'Terrorism' and 'extremism': Navalny denounces 'absurd' accusations

Vladimir Putin's pet peeve is rising

'Terrorism' and 'extremism': Navalny denounces 'absurd' accusations

Vladimir Putin's pet peeve is rising. While he faces life imprisonment, Russian opponent Alexei Navalny has deemed the charges of "extremism" and "terrorism" against him "absurd". These prosecutions are part of a broader wave of repression, in parallel with the Russian offensive in Ukraine. And for good reason, at the very moment when Alexei Navalny appeared by videoconference during a hearing in Moscow, another prominent opponent, Yevgeny Roizman, pleaded not guilty at the opening of his trial for having "discredited" the army. in Yekaterinburg (Urals).

The superposition of these two cases illustrates the acceleration of repression in Russia, with the multiplication in a few weeks of trials and convictions which have crushed any form of opposition.

During Wednesday's hearing, Alexei Navalny lambasted "absurd charges" against him, saying he faced up to 35 years in prison in the still-unclear "extremism" charges. Separately, the opponent, who is currently serving a nine-year prison sentence for "fraud", said he learned that another case for "terrorism" was being compiled, in which he says he faces prison. for life.

Navalny has been incarcerated since 2021 after narrowly surviving poisoning he blames on power. His supporters accuse the Kremlin of harassing this activist who made himself known through anti-corruption investigations.

Nearly 1,800 km east of Moscow, in Yekaterinburg, was taking place at the same time the first hearing in an awaited trial, that of the charismatic former mayor of this great city in the Urals, Evgeni Roizman. The 60-year-old former mayor is accused of "discrediting" the Russian army in a video he posted on YouTube in July 2022 criticizing the offensive in Ukraine. He faces up to five years in prison, under a law passed in Russia in the wake of the launch of the offensive in Ukraine at the end of February 2022.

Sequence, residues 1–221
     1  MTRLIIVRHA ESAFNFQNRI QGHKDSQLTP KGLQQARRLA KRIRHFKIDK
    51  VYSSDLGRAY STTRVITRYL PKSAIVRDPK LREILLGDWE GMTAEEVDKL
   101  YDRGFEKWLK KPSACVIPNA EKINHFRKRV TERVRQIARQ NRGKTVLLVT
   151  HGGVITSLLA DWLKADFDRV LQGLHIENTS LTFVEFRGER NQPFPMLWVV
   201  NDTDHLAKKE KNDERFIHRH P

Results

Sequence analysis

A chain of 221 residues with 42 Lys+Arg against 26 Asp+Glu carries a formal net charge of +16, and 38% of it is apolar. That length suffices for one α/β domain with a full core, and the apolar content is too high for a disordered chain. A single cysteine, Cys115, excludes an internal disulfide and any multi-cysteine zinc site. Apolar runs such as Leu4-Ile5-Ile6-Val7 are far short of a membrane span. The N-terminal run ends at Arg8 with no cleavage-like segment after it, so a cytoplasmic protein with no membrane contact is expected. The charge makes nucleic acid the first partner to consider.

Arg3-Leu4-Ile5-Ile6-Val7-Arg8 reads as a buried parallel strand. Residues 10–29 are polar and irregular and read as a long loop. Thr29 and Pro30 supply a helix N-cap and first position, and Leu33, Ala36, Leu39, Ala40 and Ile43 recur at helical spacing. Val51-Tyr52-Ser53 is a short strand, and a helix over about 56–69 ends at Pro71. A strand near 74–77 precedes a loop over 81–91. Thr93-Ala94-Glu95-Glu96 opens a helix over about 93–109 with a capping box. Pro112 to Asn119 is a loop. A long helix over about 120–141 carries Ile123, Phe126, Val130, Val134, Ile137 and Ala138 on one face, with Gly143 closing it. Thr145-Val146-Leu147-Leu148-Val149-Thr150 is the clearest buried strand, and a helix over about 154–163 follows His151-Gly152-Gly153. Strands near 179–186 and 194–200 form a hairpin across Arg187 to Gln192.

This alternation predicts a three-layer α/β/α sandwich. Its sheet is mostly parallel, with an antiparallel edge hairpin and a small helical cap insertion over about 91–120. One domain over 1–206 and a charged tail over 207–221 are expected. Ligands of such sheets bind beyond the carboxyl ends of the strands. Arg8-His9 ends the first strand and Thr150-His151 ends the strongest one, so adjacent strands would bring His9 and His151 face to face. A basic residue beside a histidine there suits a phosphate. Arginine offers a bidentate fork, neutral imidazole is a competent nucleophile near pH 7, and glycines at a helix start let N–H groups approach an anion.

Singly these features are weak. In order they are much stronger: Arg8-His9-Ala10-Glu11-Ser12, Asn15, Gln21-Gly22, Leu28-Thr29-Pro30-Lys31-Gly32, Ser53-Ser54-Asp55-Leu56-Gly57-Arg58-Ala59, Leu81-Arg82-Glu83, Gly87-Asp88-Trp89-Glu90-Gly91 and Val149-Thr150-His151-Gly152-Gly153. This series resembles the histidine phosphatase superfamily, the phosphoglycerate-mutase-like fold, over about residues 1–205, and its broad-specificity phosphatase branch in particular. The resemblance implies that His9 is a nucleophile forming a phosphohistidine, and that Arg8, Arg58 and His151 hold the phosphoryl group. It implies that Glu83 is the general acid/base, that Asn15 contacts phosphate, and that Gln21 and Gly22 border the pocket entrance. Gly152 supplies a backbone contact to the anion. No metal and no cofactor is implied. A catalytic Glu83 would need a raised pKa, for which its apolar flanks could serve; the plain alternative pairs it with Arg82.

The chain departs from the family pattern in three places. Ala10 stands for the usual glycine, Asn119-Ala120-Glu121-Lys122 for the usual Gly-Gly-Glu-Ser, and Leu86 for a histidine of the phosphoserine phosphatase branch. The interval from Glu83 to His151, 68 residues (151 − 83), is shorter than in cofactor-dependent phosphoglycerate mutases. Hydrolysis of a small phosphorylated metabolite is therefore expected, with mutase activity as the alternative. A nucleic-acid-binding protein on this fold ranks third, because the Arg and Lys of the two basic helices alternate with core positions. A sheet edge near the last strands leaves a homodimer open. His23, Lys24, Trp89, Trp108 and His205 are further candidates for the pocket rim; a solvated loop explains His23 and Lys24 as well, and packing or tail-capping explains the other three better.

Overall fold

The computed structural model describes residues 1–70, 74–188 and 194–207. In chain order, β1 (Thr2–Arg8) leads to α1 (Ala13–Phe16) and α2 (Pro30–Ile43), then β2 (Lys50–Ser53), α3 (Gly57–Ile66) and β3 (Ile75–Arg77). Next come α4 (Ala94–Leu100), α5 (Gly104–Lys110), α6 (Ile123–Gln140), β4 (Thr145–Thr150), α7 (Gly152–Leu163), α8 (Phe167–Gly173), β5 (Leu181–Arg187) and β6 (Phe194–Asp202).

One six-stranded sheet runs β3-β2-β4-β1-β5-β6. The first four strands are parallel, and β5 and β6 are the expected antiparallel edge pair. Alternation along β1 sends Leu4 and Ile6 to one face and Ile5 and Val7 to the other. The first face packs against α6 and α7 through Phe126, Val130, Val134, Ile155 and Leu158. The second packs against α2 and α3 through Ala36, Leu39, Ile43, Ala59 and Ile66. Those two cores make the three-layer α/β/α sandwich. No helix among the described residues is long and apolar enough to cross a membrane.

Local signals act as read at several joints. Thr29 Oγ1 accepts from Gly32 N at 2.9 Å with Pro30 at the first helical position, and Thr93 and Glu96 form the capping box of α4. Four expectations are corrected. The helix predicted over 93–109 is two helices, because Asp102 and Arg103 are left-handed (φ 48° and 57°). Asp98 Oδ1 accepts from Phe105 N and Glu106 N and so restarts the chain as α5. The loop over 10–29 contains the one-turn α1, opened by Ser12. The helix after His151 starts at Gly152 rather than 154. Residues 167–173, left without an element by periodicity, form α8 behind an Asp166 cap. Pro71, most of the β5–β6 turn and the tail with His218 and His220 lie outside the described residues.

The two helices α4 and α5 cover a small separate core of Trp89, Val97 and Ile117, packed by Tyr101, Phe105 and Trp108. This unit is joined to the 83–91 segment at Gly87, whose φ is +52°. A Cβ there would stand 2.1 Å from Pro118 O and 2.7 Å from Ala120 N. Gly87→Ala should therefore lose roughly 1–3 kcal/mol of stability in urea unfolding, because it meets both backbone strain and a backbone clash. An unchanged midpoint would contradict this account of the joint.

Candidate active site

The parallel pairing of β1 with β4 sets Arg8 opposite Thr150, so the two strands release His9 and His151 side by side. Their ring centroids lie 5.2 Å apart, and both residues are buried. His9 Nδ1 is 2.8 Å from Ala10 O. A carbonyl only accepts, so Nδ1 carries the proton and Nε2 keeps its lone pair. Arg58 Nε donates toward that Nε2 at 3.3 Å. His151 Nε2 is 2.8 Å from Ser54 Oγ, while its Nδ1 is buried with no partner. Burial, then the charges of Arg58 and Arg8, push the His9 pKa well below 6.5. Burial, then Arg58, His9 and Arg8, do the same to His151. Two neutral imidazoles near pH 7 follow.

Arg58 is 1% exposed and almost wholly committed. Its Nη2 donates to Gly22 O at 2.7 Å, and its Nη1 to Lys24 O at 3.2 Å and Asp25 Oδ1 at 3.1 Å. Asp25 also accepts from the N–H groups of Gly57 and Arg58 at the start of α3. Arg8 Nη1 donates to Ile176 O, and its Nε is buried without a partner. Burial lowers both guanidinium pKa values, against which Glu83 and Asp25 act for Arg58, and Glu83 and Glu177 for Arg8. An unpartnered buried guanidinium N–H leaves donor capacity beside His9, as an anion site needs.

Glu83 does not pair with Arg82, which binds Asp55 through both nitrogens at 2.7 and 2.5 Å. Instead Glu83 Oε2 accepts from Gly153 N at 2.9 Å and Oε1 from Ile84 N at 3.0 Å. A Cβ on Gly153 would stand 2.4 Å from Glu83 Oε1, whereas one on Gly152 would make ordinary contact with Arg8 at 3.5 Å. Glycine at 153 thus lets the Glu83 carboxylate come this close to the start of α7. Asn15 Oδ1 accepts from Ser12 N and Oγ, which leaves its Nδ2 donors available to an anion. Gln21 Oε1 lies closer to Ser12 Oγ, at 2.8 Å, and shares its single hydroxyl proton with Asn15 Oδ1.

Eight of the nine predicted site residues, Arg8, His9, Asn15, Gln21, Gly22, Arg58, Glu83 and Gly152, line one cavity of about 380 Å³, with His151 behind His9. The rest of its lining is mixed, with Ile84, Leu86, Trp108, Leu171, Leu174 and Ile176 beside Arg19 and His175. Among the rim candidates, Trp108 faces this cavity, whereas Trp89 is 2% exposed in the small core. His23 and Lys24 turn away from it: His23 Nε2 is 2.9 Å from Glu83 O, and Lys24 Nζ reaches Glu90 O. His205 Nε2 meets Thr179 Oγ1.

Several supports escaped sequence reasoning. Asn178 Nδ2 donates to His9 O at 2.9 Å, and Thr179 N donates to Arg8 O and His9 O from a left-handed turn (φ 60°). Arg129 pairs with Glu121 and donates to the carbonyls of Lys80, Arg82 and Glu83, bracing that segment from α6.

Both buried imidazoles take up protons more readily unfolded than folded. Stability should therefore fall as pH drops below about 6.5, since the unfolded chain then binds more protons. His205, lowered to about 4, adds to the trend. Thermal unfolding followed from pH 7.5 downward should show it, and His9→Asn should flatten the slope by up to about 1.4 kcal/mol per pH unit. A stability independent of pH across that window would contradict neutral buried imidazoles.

When the judge asked him if he admitted his guilt in the case, Yevgeny Roizman replied "no", stressing that he would explain himself further after the presentation of the charges. Roizman, who was mayor of Yekaterinburg between 2013 and 2018, appeared smiling and relaxed, wearing blue jeans and a white T-shirt. The hearing took place in a small room in the Oktyabrsky court in this city. "It's clear what's going on," Evgeni Roizman eluded, speaking to the press after the hearing. The trial is due to resume on May 10.

Alexei Mossine, local head of the NGO Memorial, dissolved in Russia, came to the hearing on Wednesday to support Yevgeny Roizman. "They are judging a man who called a spade a spade," he told AFP. Already tested by previous waves of repression, the Russian opposition has been crushed since the assault in Ukraine. The last great critics of Vladimir Putin emigrated or received heavy sentences.

On Wednesday, the prosecution requested twelve years in prison against Lilia Tchanycheva, a former official of the organization of Alexeï Navalny, arrested at the end of 2021 and accused of "extremism". In a joint protest, several reputable Russian NGOs, including Memorial and OVD-Info, announced on Tuesday that they had seized the Supreme Court to seek the annulment of around 20 administrative convictions for "discrediting" the army. But their approach, essentially symbolic, has almost no chance of succeeding.